Tablets may be either film coated or enteric coated according to methods known in the art. Liquid preparations for oral administration can take the form of, for example, solutions, syrups, or suspensions, or they can be presented as a dry product for constitution with water or other suitable vehicle before use. Such liquid preparations can be prepared by conventional means with pharmaceutically acceptable additives, for example, suspending agents, for example, sorbitol syrup, cellulose derivatives, or hydrogenated edible fats; emulsifying agents, for example, lecithin or acacia; non-aqueous vehicles, for example, almond oil, oily esters, ethyl alcohol, or fractionated vegetable oils; and preservatives, for example, methyl or propyl-p-hydroxybenzoates or sorbic acid. The preparations can also contain buffer salts, flavoring, coloring, and/or sweetening agents as appropriate. If desired, preparations for oral administration can be suitably formulated to give controlled release of the active compound.
Pharmaceutical compositions described herein can be formulated for parenteral administration by injection, for example by bolus injection or continuous infusion. Formulations for injection can be presented in unit dosage form, for example, in ampoules or in multi-dose containers, with an added preservative. Injectable compositions are preferably aqueous isotonic solutions or suspensions, and suppositories are preferably prepared from fatty emulsions or suspensions. The compositions may be sterilized and/or contain adjuvants, such as preserving, stabilizing, wetting or emulsifying agents, solution promoters, salts for regulating the osmotic pressure and/or buffers. Alternatively, the active ingredient can be in powder form for constitution with a suitable vehicle, for example, sterile pyrogen-free water, before use. In addition, they may also contain other therapeutically valuable substances. The compositions are prepared according to conventional mixing, granulating or coating methods, respectively, and contain about 0.1 to 75%, preferably about 1 to 50%, of the active ingredient.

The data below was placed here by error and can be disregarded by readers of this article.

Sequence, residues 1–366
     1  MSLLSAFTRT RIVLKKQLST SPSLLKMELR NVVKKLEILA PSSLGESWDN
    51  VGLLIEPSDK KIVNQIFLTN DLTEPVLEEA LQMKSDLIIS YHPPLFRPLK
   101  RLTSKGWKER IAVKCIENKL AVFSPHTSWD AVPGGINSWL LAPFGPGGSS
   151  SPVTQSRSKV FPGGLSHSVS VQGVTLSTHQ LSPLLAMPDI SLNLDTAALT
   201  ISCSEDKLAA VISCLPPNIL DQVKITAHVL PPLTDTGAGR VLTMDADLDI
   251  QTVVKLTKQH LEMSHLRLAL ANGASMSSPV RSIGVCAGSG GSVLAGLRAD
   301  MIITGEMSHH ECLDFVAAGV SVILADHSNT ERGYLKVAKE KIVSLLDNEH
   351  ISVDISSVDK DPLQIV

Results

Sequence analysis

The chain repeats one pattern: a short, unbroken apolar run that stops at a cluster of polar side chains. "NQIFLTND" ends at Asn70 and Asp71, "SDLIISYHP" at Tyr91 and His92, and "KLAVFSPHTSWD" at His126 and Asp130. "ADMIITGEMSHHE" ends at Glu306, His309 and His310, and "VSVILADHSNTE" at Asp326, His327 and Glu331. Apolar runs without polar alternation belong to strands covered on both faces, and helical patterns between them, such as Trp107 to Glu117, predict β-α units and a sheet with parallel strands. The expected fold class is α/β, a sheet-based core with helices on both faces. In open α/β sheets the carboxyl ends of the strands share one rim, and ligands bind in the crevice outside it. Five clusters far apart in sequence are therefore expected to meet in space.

For administration by inhalation, the compounds may be conveniently delivered in the form of an aerosol spray presentation from pressurized packs or a nebulizer, with the use of a suitable propellant, for example, dichlorodifluoromethane, trichlorofluoromethane, dichlorotetrafluoroethane, carbon dioxide, or other suitable gas. In the case of a pressurized aerosol, the dosage unit can be determined by providing a valve to deliver a metered amount. Capsules and cartridges of, for example, gelatin for use in an inhaler or insufflator can be formulated containing a powder mix of the compound and a suitable powder base, for example, lactose or starch.
Suitable formulations for transdermal application include an effective amount of a compound of the present invention with carrier. Preferred carriers include absorbable pharmacologically acceptable solvents to assist passage through the skin of the host. For example, transdermal devices are in the form of a bandage comprising a backing member, a reservoir containing the compound optionally with carriers, optionally a rate controlling barrier to deliver the compound to the skin of the host at a controlled and predetermined rate over a prolonged period of time, and means to secure the device to the skin. Matrix transdermal formulations may also be used.
Suitable formulations for topical application, e.g., to the skin and eyes, are preferably aqueous solutions, ointments, creams or gels well-known in the art. Such may contain solubilizers, stabilizers, tonicity enhancing agents, buffers and preservatives.
The pharmaceutical compositions described herein can also be formulated in rectal compositions, for example, suppositories or retention enemas, for example, containing conventional suppository bases, for example, cocoa butter or other glycerides.
Furthermore, the pharmaceutical compositions can be formulated as a depot preparation. Such long-acting formulations can be administered by implantation (for example, subcutaneously or intramuscularly) or by intramuscular injection. Thus, for example, the compounds can be formulated with suitable polymeric or hydrophobic materials (for example as an emulsion in an acceptable oil) or ion exchange resins, or as sparingly soluble derivatives, for example, as a sparingly soluble salt.